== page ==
It’s not just David Bowie that appeals to Katherine Reed; it’s everything from trombone literature to musical semiotics. Still, the new assistant professor of music and performer’s most recent book project, “Hooked to the Silver Screen: David Bowie and the Moving Image,” was supported by a research fellowship at the Rock and Roll Hall of Fame library and archives in Cleveland, Ohio.
Reed holds a Ph.D. in musicology from the University of Florida, a master’s degree in trombone performance from the University of Missouri – Kansas City, and a bachelor’s of music from Youngstown State University. She joined the School of Music this fall.
What inspired you to pursue a career in music and teaching?
I was inspired by all the wonderful music teachers who changed my life. I was always the sort of child who loved school, but it was in my band, choir and music history classes that I became truly passionate about the material. In my music history courses in particular, my teachers blended their experience as performers with knowledge of the past to create vibrant, exciting courses. I already knew I wanted to teach, but it was in music history that I found a perfect balance of all my interests.
Why David Bowie?
My Bowie project is a really personal one. I first came to his music as a younger fan, and I connected with it in a way that I hadn’t experienced before. In my current work, I’m unpacking why his music, videos and acting carry such power — what is it about his performances and compositions that makes them different? Why did audiences feel his work so deeply that many mourned his death like they would a friend’s? My work in music and meaning is helping to build a deeper understanding of these songs and videos with which so many people connect on a personal, visceral level. Rather than demystifying Bowie and his work, I think this deep dive into how his art works can help us to appreciate its complexity and power anew.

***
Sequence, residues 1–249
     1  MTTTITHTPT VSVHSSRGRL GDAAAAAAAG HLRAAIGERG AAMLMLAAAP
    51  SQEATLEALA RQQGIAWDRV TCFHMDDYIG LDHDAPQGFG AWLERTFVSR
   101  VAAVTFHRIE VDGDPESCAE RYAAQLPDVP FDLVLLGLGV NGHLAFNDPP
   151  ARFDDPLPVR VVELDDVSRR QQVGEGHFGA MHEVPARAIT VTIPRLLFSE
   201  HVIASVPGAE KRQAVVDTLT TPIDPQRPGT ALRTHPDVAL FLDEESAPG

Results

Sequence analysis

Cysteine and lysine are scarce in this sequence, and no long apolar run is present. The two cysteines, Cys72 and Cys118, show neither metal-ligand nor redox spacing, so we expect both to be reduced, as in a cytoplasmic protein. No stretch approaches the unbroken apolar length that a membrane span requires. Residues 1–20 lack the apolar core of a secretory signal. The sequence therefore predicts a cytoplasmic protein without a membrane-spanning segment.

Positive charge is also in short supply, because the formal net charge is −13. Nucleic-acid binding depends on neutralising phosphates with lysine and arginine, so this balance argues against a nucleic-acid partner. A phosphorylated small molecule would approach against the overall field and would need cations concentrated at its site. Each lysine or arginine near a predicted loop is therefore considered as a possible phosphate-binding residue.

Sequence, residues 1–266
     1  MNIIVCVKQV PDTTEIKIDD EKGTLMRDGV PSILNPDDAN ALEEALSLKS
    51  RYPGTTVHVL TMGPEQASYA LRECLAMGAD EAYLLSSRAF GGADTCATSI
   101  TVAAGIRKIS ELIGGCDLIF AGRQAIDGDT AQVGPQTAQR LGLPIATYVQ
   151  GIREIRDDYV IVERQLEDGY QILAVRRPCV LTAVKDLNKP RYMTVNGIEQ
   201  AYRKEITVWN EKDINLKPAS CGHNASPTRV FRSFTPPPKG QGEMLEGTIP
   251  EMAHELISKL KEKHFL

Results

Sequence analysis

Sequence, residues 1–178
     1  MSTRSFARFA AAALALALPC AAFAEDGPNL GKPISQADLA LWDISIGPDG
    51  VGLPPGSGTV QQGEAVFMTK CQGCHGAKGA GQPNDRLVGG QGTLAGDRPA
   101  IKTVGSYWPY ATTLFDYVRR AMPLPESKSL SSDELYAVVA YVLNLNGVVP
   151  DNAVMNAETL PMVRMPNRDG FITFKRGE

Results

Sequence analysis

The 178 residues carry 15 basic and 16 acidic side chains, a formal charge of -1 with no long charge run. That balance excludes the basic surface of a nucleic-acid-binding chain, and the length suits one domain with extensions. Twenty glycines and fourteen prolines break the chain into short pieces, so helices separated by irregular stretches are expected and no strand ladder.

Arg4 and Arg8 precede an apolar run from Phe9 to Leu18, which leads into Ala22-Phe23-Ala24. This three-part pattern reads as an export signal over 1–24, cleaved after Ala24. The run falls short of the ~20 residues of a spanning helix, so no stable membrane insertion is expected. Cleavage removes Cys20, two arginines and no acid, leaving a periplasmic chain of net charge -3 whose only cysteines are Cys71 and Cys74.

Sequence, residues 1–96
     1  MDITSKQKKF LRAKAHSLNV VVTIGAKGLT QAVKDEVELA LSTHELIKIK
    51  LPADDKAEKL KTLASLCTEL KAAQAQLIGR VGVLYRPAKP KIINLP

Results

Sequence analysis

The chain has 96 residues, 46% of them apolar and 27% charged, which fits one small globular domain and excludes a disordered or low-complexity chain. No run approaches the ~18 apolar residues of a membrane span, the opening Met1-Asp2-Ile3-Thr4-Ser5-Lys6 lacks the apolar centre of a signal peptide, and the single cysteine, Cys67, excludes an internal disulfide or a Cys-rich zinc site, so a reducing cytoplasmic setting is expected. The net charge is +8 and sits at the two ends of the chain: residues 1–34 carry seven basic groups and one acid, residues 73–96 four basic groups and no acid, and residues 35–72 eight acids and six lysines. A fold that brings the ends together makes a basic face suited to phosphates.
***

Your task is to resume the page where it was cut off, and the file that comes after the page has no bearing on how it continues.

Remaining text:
What do you hope students get from your instruction?
I hope to spark an interest in my students — in the real, living people who make up our history of music, and in the ways that those stories can influence my students’ own work as performers, composers, educators and people. My goal is to help make this history come alive despite the chronological distance. Just as in other areas of history, musicology can inform so much of our current world.
What would you like the general public to know about musicology?
I’d love for the public to know how vital and relevant musicology can be. We musicologists study the history of music and how it works — that’s a part of each of our daily lives! I’ve been working to bring my own research to a broader audience through public musicology forums like the Avid Listener blog and the Society for American Music’s digital lectures series. In each, I hope to reach people who may not have thought about certain aspects of their everyday musical experience before.